On the heels of his historic induction into the Songwriters Hall of Fame (and amid unconfirmed rumors of new arrivals to his family), Jay Z has announced his thirteenth solo studio album, 4:44, to be released on June 30.

"[Bob] Seger's absence from digital services, combined with the gradual disappearance of even physical copies of half his catalog, suggest a rare level of indifference to his legacy," Tim Quirk wrote for NPR Music in late March in his feature, "Where Have All The Bob Seger Albums Gone?"

Yoko Ono will, legalities willing, be added as a songwriter to one of the most famous pop songs in the world — and John Lennon's biggest solo hit — "Imagine."

Last month, PWR BTTM's Ben Hopkins was accused of sexual assault. Following widespread reporting of those allegations, the two-piece band, whose other member is Liv Bruce, was dropped from its record labels, Father/Daughter and Polyvinyl. Today, the group is publicly detailing its efforts to gain control of its music.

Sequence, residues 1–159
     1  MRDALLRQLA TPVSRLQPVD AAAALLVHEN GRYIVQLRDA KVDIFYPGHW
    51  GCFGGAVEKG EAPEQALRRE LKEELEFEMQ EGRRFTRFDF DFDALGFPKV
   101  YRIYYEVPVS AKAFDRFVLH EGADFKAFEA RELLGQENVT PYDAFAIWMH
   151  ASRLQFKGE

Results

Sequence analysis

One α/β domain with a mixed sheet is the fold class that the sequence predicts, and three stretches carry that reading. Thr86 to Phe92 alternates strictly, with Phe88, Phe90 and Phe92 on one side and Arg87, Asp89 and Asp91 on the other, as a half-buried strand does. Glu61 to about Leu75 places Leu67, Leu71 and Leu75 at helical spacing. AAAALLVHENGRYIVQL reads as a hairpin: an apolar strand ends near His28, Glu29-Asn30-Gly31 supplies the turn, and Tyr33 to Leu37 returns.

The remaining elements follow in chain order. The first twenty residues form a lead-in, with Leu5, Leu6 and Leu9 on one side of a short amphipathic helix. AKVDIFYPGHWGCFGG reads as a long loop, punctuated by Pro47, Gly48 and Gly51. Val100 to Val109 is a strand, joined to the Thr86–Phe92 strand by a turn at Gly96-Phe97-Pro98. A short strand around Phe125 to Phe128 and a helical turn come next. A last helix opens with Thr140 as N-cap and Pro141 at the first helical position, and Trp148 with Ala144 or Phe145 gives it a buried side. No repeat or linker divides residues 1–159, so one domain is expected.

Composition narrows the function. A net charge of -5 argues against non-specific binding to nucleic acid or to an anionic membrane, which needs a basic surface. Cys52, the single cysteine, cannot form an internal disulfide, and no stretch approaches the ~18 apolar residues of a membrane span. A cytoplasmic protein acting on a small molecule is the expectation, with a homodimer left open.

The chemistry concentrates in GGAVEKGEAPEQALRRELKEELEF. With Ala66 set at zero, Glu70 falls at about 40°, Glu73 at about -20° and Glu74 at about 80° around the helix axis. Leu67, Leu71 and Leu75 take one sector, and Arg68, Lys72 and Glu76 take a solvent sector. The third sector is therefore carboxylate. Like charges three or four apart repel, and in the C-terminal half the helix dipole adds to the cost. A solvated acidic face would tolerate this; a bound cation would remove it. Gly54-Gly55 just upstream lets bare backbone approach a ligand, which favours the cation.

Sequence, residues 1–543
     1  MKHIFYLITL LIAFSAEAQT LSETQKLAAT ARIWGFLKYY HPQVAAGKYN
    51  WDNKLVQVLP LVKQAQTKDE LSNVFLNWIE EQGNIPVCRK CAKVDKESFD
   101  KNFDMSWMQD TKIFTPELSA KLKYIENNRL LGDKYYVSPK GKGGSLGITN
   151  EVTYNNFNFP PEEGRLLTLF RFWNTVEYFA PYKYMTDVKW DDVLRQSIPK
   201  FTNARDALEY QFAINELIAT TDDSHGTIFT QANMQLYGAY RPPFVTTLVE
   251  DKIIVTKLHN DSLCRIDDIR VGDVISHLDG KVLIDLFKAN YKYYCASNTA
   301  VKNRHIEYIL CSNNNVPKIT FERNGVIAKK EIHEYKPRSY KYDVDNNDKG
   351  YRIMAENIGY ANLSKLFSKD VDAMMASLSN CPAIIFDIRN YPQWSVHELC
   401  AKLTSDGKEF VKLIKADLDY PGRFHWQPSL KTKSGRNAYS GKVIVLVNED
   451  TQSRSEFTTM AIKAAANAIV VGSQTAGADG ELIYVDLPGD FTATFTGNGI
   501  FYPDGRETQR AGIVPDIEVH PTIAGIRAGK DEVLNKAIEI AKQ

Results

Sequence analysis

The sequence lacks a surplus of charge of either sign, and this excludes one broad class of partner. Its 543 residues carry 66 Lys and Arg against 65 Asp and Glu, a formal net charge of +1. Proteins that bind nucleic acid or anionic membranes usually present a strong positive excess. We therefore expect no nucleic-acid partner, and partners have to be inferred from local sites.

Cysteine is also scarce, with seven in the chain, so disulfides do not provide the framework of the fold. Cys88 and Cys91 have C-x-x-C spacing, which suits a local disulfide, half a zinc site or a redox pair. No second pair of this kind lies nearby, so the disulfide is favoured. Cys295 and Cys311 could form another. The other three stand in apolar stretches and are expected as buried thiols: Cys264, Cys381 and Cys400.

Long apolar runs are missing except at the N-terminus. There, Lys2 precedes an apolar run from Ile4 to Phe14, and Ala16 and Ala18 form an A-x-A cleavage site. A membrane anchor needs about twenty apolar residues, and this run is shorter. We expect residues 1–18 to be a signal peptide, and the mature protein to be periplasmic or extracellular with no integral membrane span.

It's not often that re-releases from a band's back catalog prompt a public statement saying that it isn't "announcing s***."

Judging by the headlines Friday morning, Taylor Swift's music has finally returned to streaming services. But that's not exactly the case.

The Bethel Woods Center for the Arts, the site of the Woodstock music festival in 1969, has been added to the National Register of Historic Places, according to an announcement on its website. The news was first reported by the Associated Press.